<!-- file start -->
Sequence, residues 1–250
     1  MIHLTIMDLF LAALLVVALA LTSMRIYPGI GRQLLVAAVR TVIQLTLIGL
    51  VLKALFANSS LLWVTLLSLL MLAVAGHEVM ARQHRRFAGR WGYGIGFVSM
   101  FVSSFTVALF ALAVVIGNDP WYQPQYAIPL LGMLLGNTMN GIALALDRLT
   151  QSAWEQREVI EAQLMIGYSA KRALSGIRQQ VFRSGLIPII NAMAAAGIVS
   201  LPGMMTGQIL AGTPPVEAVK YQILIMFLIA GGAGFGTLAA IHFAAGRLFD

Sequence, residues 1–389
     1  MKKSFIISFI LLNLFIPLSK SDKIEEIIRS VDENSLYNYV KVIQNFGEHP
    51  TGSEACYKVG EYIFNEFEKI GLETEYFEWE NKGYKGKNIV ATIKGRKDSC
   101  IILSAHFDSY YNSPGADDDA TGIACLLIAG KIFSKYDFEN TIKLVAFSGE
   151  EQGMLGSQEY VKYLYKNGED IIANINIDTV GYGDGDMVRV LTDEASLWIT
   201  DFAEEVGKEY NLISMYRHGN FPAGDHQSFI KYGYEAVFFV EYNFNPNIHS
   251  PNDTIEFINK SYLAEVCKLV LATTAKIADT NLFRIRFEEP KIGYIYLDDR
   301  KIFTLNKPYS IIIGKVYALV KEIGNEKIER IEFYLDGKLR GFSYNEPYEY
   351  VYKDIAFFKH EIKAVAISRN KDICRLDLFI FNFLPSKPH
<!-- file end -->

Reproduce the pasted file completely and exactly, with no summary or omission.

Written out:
Sequence, residues 1–250
     1  MIHLTIMDLF LAALLVVALA LTSMRIYPGI GRQLLVAAVR TVIQLTLIGL
    51  VLKALFANSS LLWVTLLSLL MLAVAGHEVM ARQHRRFAGR WGYGIGFVSM
   101  FVSSFTVALF ALAVVIGNDP WYQPQYAIPL LGMLLGNTMN GIALALDRLT
   151  QSAWEQREVI EAQLMIGYSA KRALSGIRQQ VFRSGLIPII NAMAAAGIVS
   201  LPGMMTGQIL AGTPPVEAVK YQILIMFLIA GGAGFGTLAA IHFAAGRLFD

Sequence, residues 1–389
     1  MKKSFIISFI LLNLFIPLSK SDKIEEIIRS VDENSLYNYV KVIQNFGEHP
    51  TGSEACYKVG EYIFNEFEKI GLETEYFEWE NKGYKGKNIV ATIKGRKDSC
   101  IILSAHFDSY YNSPGADDDA TGIACLLIAG KIFSKYDFEN TIKLVAFSGE
   151  EQGMLGSQEY VKYLYKNGED IIANINIDTV GYGDGDMVRV LTDEASLWIT
   201  DFAEEVGKEY NLISMYRHGN FPAGDHQSFI KYGYEAVFFV EYNFNPNIHS
   251  PNDTIEFINK SYLAEVCKLV LATTAKIADT NLFRIRFEEP KIGYIYLDDR
   301  KIFTLNKPYS IIIGKVYALV KEIGNEKIER IEFYLDGKLR GFSYNEPYEY
   351  VYKDIAFFKH EIKAVAISRN KDICRLDLFI FNFLPSKPH